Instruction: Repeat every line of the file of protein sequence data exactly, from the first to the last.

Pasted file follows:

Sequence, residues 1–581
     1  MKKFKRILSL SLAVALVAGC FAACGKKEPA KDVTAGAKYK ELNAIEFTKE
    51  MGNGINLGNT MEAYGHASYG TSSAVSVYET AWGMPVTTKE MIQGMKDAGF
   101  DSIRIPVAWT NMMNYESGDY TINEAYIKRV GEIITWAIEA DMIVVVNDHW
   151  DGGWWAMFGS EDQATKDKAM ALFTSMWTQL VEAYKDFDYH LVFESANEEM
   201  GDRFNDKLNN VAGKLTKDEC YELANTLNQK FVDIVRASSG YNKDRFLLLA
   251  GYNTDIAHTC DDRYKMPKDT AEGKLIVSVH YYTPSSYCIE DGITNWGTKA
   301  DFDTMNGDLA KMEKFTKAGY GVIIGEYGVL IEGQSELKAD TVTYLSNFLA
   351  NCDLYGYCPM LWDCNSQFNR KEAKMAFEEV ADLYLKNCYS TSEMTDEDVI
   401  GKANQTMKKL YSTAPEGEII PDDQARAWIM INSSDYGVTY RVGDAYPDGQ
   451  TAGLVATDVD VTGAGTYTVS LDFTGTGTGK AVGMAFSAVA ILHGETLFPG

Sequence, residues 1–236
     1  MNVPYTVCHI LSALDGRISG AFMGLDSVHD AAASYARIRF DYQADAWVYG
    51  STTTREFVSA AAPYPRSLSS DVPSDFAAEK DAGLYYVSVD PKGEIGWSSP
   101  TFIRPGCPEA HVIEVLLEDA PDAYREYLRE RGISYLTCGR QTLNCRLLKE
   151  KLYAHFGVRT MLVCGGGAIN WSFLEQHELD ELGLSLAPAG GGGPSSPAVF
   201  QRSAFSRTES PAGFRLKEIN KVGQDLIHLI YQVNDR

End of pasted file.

Sequence, residues 1–581
     1  MKKFKRILSL SLAVALVAGC FAACGKKEPA KDVTAGAKYK ELNAIEFTKE
    51  MGNGINLGNT MEAYGHASYG TSSAVSVYET AWGMPVTTKE MIQGMKDAGF
   101  DSIRIPVAWT NMMNYESGDY TINEAYIKRV GEIITWAIEA DMIVVVNDHW
   151  DGGWWAMFGS EDQATKDKAM ALFTSMWTQL VEAYKDFDYH LVFESANEEM
   201  GDRFNDKLNN VAGKLTKDEC YELANTLNQK FVDIVRASSG YNKDRFLLLA
   251  GYNTDIAHTC DDRYKMPKDT AEGKLIVSVH YYTPSSYCIE DGITNWGTKA
   301  DFDTMNGDLA KMEKFTKAGY GVIIGEYGVL IEGQSELKAD TVTYLSNFLA
   351  NCDLYGYCPM LWDCNSQFNR KEAKMAFEEV ADLYLKNCYS TSEMTDEDVI
   401  GKANQTMKKL YSTAPEGEII PDDQARAWIM INSSDYGVTY RVGDAYPDGQ
   451  TAGLVATDVD VTGAGTYTVS LDFTGTGTGK AVGMAFSAVA ILHGETLFPG

Sequence, residues 1–236
     1  MNVPYTVCHI LSALDGRISG AFMGLDSVHD AAASYARIRF DYQADAWVYG
    51  STTTREFVSA AAPYPRSLSS DVPSDFAAEK DAGLYYVSVD PKGEIGWSSP
   101  TFIRPGCPEA HVIEVLLEDA PDAYREYLRE RGISYLTCGR QTLNCRLLKE
   151  KLYAHFGVRT MLVCGGGAIN WSFLEQHELD ELGLSLAPAG GGGPSSPAVF
   201  QRSAFSRTES PAGFRLKEIN KVGQDLIHLI YQVNDR